MIAMI (Reuters) - CO2 Tech Ltd, a publicly traded company that lured investors with claims about products and services to fight global warming, was full of nothing but hot air, the U.S. Securities and Exchange Commission said on Friday.
It said the U.S. Justice Department had filed criminal fraud charges against six men, including stock promoters and traders, involved in a so-called “pump-and-dump scheme” built around shares of the company, which was purportedly based in London but had no significant assets or operations.
Pump-and-dump is a form of stock fraud in which promoters “pump up” or artificially inflate a company’s share price, usually through false or misleading press releases or other public statements, and then “dump” the stock at a profit.
According to an SEC civil complaint, filed in U.S. District Court for the Southern District of Florida, the CO2 Tech scheme generated more than $7 million in illicit profits from sales of CO2 Tech stock, traded in the Pink Sheets, between late 2006 and April 2007.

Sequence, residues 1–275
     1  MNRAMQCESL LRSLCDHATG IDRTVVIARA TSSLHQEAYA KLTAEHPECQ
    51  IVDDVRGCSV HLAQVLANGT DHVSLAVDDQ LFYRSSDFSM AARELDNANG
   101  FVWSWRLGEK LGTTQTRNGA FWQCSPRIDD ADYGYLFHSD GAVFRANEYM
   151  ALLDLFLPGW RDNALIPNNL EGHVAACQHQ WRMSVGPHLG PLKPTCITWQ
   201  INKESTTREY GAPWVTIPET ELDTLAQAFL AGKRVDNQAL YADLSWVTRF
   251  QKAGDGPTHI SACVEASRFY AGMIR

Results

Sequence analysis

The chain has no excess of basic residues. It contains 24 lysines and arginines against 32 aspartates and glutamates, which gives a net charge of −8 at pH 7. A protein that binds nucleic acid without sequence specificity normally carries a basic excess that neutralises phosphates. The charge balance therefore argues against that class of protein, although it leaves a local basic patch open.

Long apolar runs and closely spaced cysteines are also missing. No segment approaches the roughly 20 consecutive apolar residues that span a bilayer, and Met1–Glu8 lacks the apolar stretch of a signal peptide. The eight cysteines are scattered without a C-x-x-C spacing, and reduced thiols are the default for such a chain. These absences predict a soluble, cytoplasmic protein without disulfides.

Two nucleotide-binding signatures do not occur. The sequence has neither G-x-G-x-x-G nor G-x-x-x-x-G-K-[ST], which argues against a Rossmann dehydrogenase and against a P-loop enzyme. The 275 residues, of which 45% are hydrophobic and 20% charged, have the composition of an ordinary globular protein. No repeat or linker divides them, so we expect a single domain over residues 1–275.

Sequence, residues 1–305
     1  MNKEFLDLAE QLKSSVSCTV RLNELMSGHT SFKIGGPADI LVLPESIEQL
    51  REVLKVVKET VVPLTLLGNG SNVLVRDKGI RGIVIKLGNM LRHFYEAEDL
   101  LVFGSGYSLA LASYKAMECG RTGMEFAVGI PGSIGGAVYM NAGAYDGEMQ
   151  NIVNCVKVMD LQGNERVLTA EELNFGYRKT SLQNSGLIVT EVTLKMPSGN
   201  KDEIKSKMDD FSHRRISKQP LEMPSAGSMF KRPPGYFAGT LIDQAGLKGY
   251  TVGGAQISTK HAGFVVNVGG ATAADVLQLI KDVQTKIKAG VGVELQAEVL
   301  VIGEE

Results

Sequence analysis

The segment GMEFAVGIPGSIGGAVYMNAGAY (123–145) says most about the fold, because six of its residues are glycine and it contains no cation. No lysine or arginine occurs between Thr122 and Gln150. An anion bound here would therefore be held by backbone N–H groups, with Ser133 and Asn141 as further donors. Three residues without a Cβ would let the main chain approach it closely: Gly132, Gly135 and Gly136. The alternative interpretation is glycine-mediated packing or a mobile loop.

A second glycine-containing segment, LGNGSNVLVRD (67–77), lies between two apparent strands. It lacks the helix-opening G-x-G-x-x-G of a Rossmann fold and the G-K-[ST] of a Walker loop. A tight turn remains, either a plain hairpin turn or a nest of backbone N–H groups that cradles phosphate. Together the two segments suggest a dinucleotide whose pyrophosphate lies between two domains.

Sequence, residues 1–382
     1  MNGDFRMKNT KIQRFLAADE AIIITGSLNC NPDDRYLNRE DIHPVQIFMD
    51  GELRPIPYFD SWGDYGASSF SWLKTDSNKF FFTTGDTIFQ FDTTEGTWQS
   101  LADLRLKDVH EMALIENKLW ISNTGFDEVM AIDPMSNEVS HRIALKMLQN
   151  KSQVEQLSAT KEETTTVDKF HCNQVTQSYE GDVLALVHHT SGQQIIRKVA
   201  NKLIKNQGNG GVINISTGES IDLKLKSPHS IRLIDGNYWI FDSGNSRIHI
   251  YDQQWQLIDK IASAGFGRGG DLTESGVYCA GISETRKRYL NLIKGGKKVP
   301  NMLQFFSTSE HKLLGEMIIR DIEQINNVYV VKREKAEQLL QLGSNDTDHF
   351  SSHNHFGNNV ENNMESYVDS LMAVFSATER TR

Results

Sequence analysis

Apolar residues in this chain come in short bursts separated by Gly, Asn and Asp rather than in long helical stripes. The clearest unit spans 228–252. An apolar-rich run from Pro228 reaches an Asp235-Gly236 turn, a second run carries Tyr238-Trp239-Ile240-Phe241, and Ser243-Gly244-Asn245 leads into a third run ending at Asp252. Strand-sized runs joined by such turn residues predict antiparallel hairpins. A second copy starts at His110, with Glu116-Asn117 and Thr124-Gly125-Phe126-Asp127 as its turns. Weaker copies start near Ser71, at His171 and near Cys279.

The scheme was perpetrated through Red Sea Management Ltd, a Costa Rican asset protection and offshore investments company founded and led by Jonathan Curshen, the SEC said.
It said Curshen, a dual U.S.-UK citizen who lives in Sarasota, Florida, was free on conditional release pending his sentencing in another, unrelated, securities fraud case.
Curshen was instrumental in establishing the business plan that allowed him and his co-defendants to sell CO Tech stock at artificially inflated prices and bilk unsuspecting public investors out of millions, the SEC said.
An attorney for Curshen, 46, could not be reached for immediate comment. But the SEC said entities affiliated with Red Sea, which was founded in 1998, included Sentry Global Securities, a broker-dealer licensed by St, Kitts and Nevis, and Sentry Global Trust, Ltd, a St. Kitts-incorporated trust.
Red Sea had true global reach, as it used a web of nominee brokerage accounts to sell massive quantities of stock in a firm supposedly set up to save the world from greenhouse gas emissions, the SEC said.
It said the company had opened bank accounts for shell corporations in countries including the Republic of Seychelles, Cyprus, Panama and Tanzania as part of its fraudulent stock scheme.
Reporting by Tom Brown; Editing by Tim Dobbyn